Picks and Pans Review: Youngblood

updated 03/03/1986 AT 01:00 AM EST

originally published 03/03/1986 AT 01:00 AM EST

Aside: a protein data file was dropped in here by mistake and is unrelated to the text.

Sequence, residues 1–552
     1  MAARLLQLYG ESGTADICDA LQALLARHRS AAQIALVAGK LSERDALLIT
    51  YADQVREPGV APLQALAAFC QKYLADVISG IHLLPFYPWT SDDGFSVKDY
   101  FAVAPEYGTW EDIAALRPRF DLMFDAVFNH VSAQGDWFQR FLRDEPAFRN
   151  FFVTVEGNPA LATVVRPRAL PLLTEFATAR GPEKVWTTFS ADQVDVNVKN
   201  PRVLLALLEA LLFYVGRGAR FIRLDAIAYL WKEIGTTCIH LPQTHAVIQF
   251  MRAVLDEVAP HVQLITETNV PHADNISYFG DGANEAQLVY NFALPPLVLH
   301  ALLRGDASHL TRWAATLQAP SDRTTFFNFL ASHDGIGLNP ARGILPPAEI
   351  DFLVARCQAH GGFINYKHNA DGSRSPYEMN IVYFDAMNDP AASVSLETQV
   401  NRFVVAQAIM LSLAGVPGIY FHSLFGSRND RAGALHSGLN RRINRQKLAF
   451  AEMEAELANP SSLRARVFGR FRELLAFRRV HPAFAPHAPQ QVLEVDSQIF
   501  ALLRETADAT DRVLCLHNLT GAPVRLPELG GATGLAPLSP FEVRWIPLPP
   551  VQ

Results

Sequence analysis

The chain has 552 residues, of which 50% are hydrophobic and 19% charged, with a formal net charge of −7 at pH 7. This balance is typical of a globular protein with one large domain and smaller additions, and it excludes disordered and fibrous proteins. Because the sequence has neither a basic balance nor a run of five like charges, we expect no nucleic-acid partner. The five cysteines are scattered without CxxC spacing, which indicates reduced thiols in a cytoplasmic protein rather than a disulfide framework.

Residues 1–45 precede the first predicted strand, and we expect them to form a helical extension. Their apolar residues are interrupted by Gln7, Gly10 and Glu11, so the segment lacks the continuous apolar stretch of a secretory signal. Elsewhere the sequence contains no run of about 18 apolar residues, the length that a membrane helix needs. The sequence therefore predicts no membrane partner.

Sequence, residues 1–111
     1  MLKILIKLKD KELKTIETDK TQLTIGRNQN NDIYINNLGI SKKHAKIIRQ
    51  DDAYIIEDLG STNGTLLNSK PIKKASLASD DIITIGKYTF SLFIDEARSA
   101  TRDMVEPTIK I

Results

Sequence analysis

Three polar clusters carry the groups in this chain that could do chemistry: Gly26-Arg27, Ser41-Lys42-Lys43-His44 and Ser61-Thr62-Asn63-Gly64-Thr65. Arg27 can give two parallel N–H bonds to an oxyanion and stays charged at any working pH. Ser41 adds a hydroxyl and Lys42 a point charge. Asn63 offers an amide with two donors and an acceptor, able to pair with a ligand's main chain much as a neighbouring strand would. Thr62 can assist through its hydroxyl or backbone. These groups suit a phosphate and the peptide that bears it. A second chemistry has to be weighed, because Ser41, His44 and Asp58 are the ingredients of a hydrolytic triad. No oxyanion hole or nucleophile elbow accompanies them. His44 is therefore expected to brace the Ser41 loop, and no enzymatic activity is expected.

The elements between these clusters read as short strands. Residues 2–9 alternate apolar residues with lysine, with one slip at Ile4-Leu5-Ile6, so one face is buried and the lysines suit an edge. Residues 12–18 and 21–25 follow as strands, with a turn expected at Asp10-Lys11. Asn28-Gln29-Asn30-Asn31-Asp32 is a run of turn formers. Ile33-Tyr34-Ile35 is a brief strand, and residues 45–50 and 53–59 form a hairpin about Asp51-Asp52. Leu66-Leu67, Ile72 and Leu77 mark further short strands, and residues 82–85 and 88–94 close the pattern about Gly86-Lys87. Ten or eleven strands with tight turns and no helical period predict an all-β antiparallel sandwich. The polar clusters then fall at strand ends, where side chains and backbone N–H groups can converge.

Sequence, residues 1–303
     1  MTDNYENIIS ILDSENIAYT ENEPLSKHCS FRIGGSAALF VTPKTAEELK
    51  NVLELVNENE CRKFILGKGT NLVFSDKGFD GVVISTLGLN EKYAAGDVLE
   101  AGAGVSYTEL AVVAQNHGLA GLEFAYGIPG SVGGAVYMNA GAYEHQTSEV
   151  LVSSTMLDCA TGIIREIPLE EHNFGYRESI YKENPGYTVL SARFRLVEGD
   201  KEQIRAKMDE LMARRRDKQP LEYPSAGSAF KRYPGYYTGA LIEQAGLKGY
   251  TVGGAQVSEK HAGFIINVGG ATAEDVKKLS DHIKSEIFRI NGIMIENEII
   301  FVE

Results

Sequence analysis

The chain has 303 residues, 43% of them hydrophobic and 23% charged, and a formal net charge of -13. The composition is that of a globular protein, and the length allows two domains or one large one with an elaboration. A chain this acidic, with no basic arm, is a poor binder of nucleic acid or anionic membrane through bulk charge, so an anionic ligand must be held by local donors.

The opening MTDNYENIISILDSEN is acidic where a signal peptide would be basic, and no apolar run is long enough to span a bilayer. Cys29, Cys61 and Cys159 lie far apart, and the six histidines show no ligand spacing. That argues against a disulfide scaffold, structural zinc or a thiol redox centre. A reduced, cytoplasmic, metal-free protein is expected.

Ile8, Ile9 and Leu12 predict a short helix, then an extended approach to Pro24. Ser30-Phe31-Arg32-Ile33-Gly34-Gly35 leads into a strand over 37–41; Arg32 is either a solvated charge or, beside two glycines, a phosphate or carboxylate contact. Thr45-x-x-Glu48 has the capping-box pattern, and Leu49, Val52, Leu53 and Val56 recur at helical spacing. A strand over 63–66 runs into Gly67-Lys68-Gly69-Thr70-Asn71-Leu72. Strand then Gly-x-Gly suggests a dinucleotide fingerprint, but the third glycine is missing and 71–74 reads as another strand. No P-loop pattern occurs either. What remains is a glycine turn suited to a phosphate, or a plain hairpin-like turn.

Eric Nesterenko, a former National Hockey League player, plays Rob Lowe's father in this movie. He also served as the film's hockey consultant. From the look of the resulting series of donnybrooks, the producers would have been better off retaining Muhammad Ali. After a promising beginning, with some funny lines and cute banter between Lowe and Cynthia (TV's Fame) Gibb, Youngblood becomes anemic real quick. Lowe plays the title character, a 17-year-old New York farm boy whose only career choices are to spread manure the rest of his life "or play hockey in front of 20,000 people at Madison Square Garden." Opting for the latter, Lowe goes to Canada to try out for the mythical Hamilton Mustangs. He is obviously Rookie-of-the-Year material. In his first week he makes the team, makes love to the coach's daughter (Gibb) and makes a lot of enemies. The league he plays in seems more like a training ground for Saturday night wrestling bouts than the NHL. Lowe, who gets slapped around more than the puck, asks Gibb, "Where else can I get beaten up every day by a bunch of prima donna Canadians?" Frustrated, he quits. But cue the Rocky-like sound track for the pep talk and training scenes back at the farm, and you guessed it. Lowe returns for the championship game, and, well, you guessed it again. The end of this movie is so unimaginative that writer-director Peter (Hot Dog: The Movie) Markle, a former Yale hockey player, should get a misconduct penalty. (R)

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